When I was four years old, a teenage cousin showed me his rubber band ball. That’s really how this madness got started. I thought he was the coolest guy in the world, so I decided I had to have a rubber band ball too, and soon after, with my mom’s help, I started making one. At that age, though, I must have been easily distracted; when the ball reached the size of a large grape, I lost interest in it, and my mom tucked it away in a desk drawer.
A year later, at the starting-to-be-obsessed-with-things age of five, I rediscovered the ball and put in a little more effort. I snatched up every loose rubber band I could find, and when those ran out, I convinced my parents to buy me a small package of bands at a stationery store. Within a matter of days, my small grape had expanded to the size a lemon, and I was hooked.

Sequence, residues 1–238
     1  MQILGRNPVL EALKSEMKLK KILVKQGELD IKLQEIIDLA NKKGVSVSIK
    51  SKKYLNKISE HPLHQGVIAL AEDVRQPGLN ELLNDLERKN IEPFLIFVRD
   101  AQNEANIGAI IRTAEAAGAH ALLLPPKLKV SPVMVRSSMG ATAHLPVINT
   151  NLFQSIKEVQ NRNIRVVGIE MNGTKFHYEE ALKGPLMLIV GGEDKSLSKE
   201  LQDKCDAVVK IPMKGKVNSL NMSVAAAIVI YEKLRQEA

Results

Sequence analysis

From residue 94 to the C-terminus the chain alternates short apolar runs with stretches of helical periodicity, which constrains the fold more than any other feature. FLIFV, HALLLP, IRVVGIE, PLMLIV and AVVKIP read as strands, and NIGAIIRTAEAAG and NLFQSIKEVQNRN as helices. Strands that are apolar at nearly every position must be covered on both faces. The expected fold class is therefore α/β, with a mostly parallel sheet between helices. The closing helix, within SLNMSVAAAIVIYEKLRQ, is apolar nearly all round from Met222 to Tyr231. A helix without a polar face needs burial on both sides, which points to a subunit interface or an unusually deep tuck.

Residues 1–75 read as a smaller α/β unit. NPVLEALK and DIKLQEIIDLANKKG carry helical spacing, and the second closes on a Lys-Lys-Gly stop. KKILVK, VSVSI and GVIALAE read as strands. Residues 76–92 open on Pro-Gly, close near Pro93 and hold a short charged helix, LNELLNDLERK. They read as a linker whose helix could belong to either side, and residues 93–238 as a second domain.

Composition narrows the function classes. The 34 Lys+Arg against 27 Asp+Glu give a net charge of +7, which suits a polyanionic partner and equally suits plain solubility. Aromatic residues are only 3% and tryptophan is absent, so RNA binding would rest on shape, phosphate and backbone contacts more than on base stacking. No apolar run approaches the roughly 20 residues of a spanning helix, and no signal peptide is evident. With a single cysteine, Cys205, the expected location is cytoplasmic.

In 10th grade, when the ball had a diameter of 15 inches, I used it for my math fair project. A few years later, when it surpassed the 100-pound plateau, I started buying oversize bands in bulk, and several years after that, I was invited to bring the ball to Junior Collector’s Day at the Queens Museum of Art.
My rubber band ball weighs 289 pounds now (or 131 kilograms for those of you who are smart enough to use the metric system). I’m trying to be consistent and add one pound of bands per month — just enough to keep the outer layer fresh without making it too big to fit through the door of my New York City apartment. I’m not sure what’ll happen to the ball in 10 or 20 or 100 years, but for now, I'm just glad to have it and to let people know that it exists.